Written by: Rinze Benedictus, staff advisor, UMC Utrecht & PhD candidate at CWTS, Leiden University

shield-953533_1920.jpg

On 31 May 2018 Marta Teperek spoke with Rinze Benedictus about changing the academic reward system at the Utrecht Medical Center. The blog post below was written by Rinze Benedictus to summarise the main points of the discussion for the readers of the Open Working blog.


University Medical Centers: places where the society enters the building

In the early 2000s in the Netherlands, medical faculties merged with university hospitals to become university medical centers (UMCs), with a triple task: research, healthcare and teaching. The aim was to better integrate biomedical research and healthcare and improve healthcare through research. This coincided with an international rise of an indicator-based view on scientific quality, as expressed by rankings, and bibliometric indicators like the H-index and other citation measures.

On one hand, this meant the creation of organisations where prestige was built on academic values that were increasingly informed by an indicator-based view on scientific quality. UMCs became apt producers of scientific knowledge that ‘counted’ bibliometrically. Papers published by UMCs accounted for around 40 percent of all Dutch scientific output and they were internationally cited well above average. This led to a remarkable publishing rate in certain medical subfields, e.g. in cardiology, the highest-producing Dutch professor authored more than 100 papers per year.

On the other hand, in terms of staff and funding, UMCs are organisations where delivering healthcare is the primary activity. They are, simply put, large hospitals where many, many patients are treated. So, from an academic perspective, “society entered the building”. This created a need to look at biomedical research conducted at UMCs from the patients’ perspective.

At the same time, increasingly, the premise that producing “high quality” biomedical knowledge would more or less automatically benefit patients, came under scrutiny. There was believed to be a mismatch between the mission of UMCs and the incentive and reward system for researchers.

On the road to changing academic rewards at UMC Utrecht

At the UMC Utrecht over the course of many years steps have been taken to address this issue. In 2010 six strategic multidisciplinary research programs were formed that focused on a limited number of disease targets. During the first evaluation of these research programs, societal stakeholders were involved. In addition, support for innovation and valorisation was increased.

In 2015 the UMC Utrecht decided that societal impact of the research programs should be one of the overarching goals. To bring incentives and rewards in line with this goal, the UMC Utrecht used the nation-wide Standard Evaluation Protocol (SEP) in academic evaluation in order to further emphasize the societal relevance of research (on a group level). Next, changes were also introduced on the individual level: portfolios were introduced for aspiring professors and associate professors. In these documents, researchers described themselves in five different aspects. Portfolios replaced traditional CVs that were often centred around publications.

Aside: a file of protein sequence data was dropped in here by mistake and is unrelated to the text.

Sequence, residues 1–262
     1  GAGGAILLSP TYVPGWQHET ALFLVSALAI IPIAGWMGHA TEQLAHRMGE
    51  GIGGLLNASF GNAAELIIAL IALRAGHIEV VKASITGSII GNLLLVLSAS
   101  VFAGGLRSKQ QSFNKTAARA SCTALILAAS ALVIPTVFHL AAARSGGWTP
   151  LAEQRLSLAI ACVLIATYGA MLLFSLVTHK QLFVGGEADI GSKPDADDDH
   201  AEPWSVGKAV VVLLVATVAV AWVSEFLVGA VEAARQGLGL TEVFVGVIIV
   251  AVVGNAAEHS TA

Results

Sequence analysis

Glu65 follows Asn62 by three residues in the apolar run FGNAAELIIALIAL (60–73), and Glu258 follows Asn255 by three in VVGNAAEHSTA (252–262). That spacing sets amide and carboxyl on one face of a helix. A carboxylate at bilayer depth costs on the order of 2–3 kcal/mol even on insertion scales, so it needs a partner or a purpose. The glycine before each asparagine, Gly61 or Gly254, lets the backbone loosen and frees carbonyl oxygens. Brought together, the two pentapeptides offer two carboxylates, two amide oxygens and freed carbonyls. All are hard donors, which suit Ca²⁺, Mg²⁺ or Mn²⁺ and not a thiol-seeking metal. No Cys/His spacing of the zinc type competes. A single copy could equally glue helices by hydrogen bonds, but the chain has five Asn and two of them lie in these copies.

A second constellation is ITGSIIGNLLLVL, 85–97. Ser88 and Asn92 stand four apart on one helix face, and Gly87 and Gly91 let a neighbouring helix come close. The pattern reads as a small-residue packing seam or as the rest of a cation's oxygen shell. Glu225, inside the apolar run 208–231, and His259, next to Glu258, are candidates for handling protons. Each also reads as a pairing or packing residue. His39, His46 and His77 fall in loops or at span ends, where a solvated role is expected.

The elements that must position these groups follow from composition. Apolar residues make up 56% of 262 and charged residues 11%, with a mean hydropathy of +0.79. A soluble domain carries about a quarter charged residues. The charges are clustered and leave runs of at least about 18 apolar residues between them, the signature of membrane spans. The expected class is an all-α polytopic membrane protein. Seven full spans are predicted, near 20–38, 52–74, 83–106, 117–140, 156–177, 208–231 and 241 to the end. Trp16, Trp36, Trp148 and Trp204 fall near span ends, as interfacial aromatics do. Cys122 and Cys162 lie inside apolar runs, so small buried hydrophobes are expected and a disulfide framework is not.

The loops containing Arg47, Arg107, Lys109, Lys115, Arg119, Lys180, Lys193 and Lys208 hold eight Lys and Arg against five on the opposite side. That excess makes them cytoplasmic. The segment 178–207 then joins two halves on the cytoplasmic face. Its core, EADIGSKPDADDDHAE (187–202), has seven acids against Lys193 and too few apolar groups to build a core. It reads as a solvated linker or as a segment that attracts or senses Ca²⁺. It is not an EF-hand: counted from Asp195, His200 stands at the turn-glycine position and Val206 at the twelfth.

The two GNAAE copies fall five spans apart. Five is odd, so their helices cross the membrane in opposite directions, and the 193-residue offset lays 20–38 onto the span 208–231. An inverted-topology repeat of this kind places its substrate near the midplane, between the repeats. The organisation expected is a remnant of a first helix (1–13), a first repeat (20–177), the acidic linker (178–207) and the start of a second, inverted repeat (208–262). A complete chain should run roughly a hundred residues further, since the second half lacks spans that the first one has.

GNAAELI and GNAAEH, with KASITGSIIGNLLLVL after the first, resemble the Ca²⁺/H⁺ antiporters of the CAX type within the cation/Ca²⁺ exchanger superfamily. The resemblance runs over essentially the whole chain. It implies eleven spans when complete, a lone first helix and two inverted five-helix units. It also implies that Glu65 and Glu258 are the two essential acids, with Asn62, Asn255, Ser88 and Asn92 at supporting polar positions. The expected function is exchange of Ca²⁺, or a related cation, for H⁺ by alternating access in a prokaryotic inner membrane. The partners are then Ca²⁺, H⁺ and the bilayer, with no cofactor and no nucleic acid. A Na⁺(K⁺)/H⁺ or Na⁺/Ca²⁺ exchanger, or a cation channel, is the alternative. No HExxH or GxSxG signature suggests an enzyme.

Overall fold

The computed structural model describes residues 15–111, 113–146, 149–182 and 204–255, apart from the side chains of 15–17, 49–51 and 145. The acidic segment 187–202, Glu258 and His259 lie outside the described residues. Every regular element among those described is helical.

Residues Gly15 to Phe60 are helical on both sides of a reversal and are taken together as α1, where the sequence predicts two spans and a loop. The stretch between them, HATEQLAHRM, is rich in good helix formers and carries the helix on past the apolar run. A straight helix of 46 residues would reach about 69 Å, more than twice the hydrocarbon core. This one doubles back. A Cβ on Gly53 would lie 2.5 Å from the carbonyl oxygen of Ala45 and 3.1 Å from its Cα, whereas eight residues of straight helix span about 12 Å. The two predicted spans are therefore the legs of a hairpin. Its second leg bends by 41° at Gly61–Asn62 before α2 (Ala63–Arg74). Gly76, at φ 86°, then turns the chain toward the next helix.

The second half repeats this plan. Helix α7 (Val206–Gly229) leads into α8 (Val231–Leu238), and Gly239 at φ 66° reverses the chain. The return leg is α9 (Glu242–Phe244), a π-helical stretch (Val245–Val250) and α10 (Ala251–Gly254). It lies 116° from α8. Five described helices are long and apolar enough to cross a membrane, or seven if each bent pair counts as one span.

The debate about incentives and rewards was significantly shaped by dean prof. dr. Frank Miedema and three other academics, who started the Science in Transition initiative in 2013. This fuelled the debates about academic evaluation systems across the Netherlands, and it triggered a range of meetings and discussions at the UMC Utrecht. All these events created an atmosphere where alternatives to existing incentives and rewards could be discussed.

The debate was also boosted by the reproducibility crisis in academia and the discussion about “research waste”. That made it very difficult to ignore the issues or continue saying that publications are always up to high standards because they are peer reviewed. Specifically, in the field of health research, the report from the Health Council, and the recent minister’s response was a wake-up call. The Health Council urged UMCs not just try to be “excellent” but to pursue “research questions which are relevant to practice”.

Challenges

Of course, the new approach is not without critique. Researchers are concerned about the “transportability” of their CVs to other institutes or other countries: will they be recognized elsewhere for their outside of publications achievements? More specifically, researchers engaging in basic research feel they are under pressure to demonstrate societal relevance.

Change is coming

The debate has gained momentum and is increasingly leading to actual change at universities. At Utrecht University the portfolio is now used during all hiring/promotion procedures for professors. In addition, the faculty of Geosciences uses the “impact pathways” approach to evaluate its research according to the SEP. The narrative-based Impact Case Studies from the UK Research Excellence Framework were an obvious inspiration.

Signs of change are also visible at the Nijmegen Donders Institute for Brain, Cognition and Behavior (part of Radboud UMC) that introduced the programme of Sustainable science. And the Free University Amsterdam published a manifesto for “gross academic value”, which has now been linked to Open Science (Dutch).

From a science policy perspective, the changes at UMC Utrecht resonate very well with the current push for Open Science in Europe and in The Netherlands. The Openness of the research agenda, combined with open data and open access, implies a new way of doing research that requires fitting incentives and rewards.

References